Early Withdrawal Definition

early withdrawal

When an early withdrawal is made by a saver or an investor, some sorts of taxes or pre-specified fees are incurred. The aim of these fees is to discourage frequent or immature withdrawals before the early withdrawal period ends.

With such a penalty in place, a withdrawal is only made when there are pressing financial needs or a better investment plan to better use the fund.

Many long-term savings plans such as certificate of deposits have fixed terms which can range from 6 months to 5 years. Savers are fined if they touch the money saved in CDs before the end of the term, although the severity of this decreases as the maturity period draws nearer. For instance, a larger fee is imposed on you if you withdraw during the 2nd month than when you withdraw in the 21st month.

Most deferred annuities or life insurance policies also have an accumulation phase which is the lock-up period during which penalties will be charged if you withdraw early, this is known as the surrender charge.

What is an early withdrawal?

early withdrawal

An early withdrawal is the partial or total removal of funds from fixed-term investments like a certificate of deposits, annuity, or qualified retirement accounts before the end of the maturity date. Tax-deferred money always incurs penalties and charges if the fund is withdrawn from the retirement account before you are 59½ years.

Early withdrawal tips

  • Early withdrawals are the main attributes of fixed-term investments like certificates of deposits, annuity, life insurance, or qualified retirement accounts.
  • Early withdrawal is when funds that are saved in a fixed-term investment are withdrawn before the maturity date ends.
  • Penalties, fees, and taxes owed are the results of an early withdrawal from such products.
  • IRS states that early withdrawal occurs for qualified retirement accounts, such as 401k, when the withdrawal is made before the saver reaches the age of 59½ years.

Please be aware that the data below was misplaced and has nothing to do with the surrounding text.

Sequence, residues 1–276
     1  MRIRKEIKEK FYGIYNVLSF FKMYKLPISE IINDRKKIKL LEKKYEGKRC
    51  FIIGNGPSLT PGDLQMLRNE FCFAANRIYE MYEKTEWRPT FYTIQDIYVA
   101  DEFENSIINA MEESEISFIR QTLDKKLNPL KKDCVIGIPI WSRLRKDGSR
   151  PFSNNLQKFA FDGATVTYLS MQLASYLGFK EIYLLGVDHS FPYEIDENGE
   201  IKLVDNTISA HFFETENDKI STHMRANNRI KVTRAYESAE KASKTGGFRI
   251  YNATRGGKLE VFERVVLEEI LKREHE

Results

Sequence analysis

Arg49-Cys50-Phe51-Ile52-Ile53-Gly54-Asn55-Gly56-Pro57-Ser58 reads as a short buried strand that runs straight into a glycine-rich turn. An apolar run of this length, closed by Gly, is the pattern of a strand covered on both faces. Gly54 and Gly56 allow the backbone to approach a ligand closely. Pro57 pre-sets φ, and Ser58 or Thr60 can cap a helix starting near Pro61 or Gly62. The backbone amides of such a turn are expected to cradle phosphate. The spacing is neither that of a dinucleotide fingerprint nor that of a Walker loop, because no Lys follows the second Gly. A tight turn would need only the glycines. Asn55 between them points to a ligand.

Required minimum distributions and early withdrawal

If a saver withdraws before the maturity period, taxes are levied against such withdrawal. On the other hand, if withdrawals are not made at some point, the account holder can also be penalized. For instance, in a SEP, traditional, or SIMPLE IRA, holders of such an account must start withdrawing by the 1st of April following the year they attain the age of 72.

The retiree must withdraw a specified amount each year based on the calculation of the current required minimum distribution (RMD). This is determined by dividing the last year-end retirement account fair market value by life expectancy.

Tax-deferred investment accounts and early withdrawal

early withdrawal

The application of early withdrawal is also seen in tax-deferred investment accounts. The 401k and the traditional IRA are 2 major examples of this. In a traditional IRA, the direct pre-tax income of an individual towards tax-deferred investment with no dividend income or capital gains is taxed until withdrawn. Both employers and individuals have the sole right to sponsor or set up IRAs.

Early withdrawal penalties also affect Roth IRA investment growth, although it doesn’t affect the principal paid in.

Salary deferred contributions may be made by eligible employees on both post-tax and pre-tax basis in a 401k plan that is sponsored by an employer. Employers can also make non-elective or match contributions on eligible employee’s behalf and a profit-sharing feature may also be added. Just like an IRA, 401k earnings are tax-deferred.

For instance, in a traditional IRA, any amount taken from the account, before the account holder reaches the age of 59½ years of age, is subjected to a 10% early withdrawal penalty fee, and any deferred taxes that is due must also be paid with the penalty.

However, the withdrawal could be exempted from the penalty if it meets any of the following:

early withdrawal

  1. The fund is for rebuilding or purchasing a first home of the account holder or qualified family member, and this is limited to $10,000 per lifetime.
  2. The account holder is disabled prior to the occurrence of the distribution.
  3. The assets are received by a beneficiary after the death of the account holder.
  4. The fund is used for the expenses of higher education.
  5. The distribution occurs due to levies by the IRS.
  6. It is a non-deductible contribution return.
  7. The distribution is part of a substantially equal periodic payment (SERP) program.
  8. The assets are used for medical insurance (in case the account holder loses their employer’s insurance) or for medical expenses which weren’t reimbursed.
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